Helping wildlife navigate a changing landscape

June 5, 2019

Researchers use new state funding to understand spruce grouse movement as an indicator of wildlife response to the northward shift of Minnesota’s boreal forests

ST. PAUL, MINNESOTA, MAY 2019 --- Scientists from the University of Minnesota and the Minnesota Department of Natural Resources are using funds from the Environment and Natural Resources Fund to perform research that will improve timber harvest planning in ways that are compatible with conservation of wildlife populations. The funds, approved by the Minnesota Legislature, are for roughly $300,000 over the next three years (until June 2022).

The study aims to decipher how the composition, arrangement, and size of boreal forest stands influence wildlife movement and thus promote the incorporation of wildlife needs into forest planning. Scientists have predicted that the spruce‐fir forest will shift entirely north of the US border as summers become warmer and drought sets in due to climate change—but how will the forests’ inhabitants adapt?

As these shifts occur, maintaining habitat patches close enough to each other to allow wildlife to move successfully between patches will be essential to maintaining sustainable populations and allowing wildlife to inhabit new areas in a changing landscape. The research will provide data on how close forest patches of similar composition should be to each other in order to accommodate even the most short‐ranging wildlife.

“We live in a changing world,” says Julia Ponder, DVM, MPH, executive director at The Raptor Center at the University of Minnesota College of Veterinary Medicine. “Being able to predict how wildlife will be impacted by climate change and the natural resource utilization of timber will help us with vital decision-making and allow us to mitigate challenges to species like spruce grouse.”

Species most likely to be adversely impacted by landscape change and fragmentation are those with limited movement capabilities or tendencies to make short movements. Spruce grouses only use about 200 acres of black spruce, jack pine, and tamarack trees each year. As a result, the researchers will focus on spruce grouses, making them the sentinel species to reflect connectivity issues among the dispersed areas where these trees are most prevalent.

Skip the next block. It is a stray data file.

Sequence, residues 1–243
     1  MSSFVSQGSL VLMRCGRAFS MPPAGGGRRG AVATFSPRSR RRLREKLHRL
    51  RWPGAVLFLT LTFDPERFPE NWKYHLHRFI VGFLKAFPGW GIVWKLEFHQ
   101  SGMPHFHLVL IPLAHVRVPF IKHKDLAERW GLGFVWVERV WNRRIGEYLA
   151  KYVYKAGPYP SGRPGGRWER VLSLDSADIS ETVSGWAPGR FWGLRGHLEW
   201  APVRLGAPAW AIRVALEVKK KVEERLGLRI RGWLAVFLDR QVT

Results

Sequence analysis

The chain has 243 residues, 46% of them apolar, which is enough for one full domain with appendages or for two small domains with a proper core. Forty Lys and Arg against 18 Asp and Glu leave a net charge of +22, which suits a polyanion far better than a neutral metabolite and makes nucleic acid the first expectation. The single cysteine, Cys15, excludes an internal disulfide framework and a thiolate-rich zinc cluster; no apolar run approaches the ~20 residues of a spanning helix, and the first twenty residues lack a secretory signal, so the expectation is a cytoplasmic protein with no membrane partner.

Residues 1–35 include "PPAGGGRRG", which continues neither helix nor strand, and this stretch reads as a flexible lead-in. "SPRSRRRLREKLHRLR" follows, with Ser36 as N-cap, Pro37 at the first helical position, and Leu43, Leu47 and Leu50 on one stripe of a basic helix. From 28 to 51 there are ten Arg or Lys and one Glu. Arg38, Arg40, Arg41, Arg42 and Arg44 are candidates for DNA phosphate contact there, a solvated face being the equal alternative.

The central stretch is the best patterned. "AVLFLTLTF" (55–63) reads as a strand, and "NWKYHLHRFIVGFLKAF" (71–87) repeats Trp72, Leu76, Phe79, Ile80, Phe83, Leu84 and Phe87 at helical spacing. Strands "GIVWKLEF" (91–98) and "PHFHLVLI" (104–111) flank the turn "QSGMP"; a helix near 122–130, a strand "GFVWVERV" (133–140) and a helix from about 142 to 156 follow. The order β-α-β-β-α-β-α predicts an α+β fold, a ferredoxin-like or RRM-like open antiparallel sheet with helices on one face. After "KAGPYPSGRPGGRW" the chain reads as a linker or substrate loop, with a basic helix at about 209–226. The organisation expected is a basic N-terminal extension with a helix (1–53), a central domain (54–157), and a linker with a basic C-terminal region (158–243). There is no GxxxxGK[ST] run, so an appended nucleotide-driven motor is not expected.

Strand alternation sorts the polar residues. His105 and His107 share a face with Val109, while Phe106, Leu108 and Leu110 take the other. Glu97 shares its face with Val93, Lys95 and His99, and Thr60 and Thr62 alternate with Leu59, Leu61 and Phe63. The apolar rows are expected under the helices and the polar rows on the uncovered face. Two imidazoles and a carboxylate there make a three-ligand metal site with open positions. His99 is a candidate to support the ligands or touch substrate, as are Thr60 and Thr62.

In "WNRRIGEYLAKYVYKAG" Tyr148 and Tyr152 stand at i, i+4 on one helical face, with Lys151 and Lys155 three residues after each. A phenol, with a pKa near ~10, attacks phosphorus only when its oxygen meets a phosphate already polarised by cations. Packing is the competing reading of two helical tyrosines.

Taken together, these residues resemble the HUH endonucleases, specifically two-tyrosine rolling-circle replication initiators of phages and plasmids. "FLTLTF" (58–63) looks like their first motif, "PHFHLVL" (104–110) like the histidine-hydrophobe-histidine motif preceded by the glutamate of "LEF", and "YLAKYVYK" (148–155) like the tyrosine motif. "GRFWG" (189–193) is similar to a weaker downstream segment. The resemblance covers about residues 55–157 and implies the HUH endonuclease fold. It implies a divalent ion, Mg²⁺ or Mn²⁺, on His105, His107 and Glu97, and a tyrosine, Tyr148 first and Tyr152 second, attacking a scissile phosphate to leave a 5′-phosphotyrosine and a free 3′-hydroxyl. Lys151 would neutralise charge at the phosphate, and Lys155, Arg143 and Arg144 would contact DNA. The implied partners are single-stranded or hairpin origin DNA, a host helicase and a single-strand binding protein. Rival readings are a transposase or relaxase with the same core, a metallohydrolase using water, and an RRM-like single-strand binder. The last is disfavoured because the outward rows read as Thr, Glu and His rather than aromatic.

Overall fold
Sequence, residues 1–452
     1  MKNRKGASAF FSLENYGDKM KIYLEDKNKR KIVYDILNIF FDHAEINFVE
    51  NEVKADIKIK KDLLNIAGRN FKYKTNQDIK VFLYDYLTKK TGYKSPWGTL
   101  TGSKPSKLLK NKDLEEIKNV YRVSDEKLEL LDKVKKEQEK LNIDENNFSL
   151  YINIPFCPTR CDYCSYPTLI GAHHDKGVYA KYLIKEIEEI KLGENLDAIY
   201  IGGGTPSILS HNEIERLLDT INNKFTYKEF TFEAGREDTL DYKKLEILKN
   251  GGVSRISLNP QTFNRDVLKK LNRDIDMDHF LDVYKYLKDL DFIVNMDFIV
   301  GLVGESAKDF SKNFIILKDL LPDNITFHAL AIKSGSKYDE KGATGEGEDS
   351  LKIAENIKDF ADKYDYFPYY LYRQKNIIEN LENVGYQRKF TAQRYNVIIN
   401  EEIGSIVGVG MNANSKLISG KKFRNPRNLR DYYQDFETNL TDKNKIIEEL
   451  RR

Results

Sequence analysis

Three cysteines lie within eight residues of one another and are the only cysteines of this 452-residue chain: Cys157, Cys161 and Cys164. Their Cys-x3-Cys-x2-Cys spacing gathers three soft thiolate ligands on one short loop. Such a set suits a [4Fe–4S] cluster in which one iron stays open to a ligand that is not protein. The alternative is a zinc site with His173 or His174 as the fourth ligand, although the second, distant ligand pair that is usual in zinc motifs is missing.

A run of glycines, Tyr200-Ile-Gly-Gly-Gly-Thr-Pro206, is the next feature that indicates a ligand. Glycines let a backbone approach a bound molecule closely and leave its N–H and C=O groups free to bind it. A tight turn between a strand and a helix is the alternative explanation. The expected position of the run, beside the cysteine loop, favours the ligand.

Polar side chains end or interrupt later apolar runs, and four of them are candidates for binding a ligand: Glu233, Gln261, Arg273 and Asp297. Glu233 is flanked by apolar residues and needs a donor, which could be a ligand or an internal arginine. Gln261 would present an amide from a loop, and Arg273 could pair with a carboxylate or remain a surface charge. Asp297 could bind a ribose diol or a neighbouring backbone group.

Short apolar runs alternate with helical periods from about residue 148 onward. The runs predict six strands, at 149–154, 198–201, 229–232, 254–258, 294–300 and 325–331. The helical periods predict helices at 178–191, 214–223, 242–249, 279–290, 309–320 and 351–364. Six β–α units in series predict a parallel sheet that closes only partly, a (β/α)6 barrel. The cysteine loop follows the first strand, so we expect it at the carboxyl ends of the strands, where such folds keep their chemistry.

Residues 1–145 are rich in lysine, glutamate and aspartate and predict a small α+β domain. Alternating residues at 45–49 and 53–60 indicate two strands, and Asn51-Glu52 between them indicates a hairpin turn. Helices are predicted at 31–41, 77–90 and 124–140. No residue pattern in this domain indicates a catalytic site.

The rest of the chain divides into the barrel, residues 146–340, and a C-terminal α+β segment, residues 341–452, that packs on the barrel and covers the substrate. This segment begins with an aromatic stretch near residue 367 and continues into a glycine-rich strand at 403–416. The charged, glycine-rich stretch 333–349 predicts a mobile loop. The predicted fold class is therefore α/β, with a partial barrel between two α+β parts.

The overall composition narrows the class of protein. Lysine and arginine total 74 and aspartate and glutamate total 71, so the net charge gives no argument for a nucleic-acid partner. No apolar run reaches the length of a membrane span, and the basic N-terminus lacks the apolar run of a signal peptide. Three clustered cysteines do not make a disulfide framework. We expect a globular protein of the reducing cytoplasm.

The team will examine forest characteristics in both the individual patches of trees and at a large scale using geographic information system mapping software. This data will be used to understand how wildlife use and move between boreal forest areas that vary in size, composition, and arrangement.

Then, the researchers will capture 70 spruce grouse and attach transmitters to them. This way, scientists can monitor spruce grouse movements before, during, and after timber harvest. The team will determine if spruce grouse move to the nearest conifer forest stand, or farther, and whether there is substantial mortality risk of moving in an unfamiliar place.

Lastly, the team will collect nearly 300 spruce grouse pellet samples to obtain genetic material. They will use the DNA to identify long-term barriers to movement between boreal forest clusters.  In December 2022, the researchers will make their recommendations on how best to harvest timber in boreal forests in a way that enables wildlife movement.

“The Minnesota Legislature has helped us further our college's mission by supporting this work," says Molly McCue, DVM, MS, PhD, interim associate dean for research at the University of Minnesota College of Veterinary Medicine. "They have emboldened our talented researchers to help solve some of the issues faced by Minnesota, and we are incredibly grateful for their investment in our work.”


Julia Ponder, DVM, MPH, associate professor at the University of Minnesota College of Veterinary Medicine and executive director of The Raptor Center,, 612-624-3431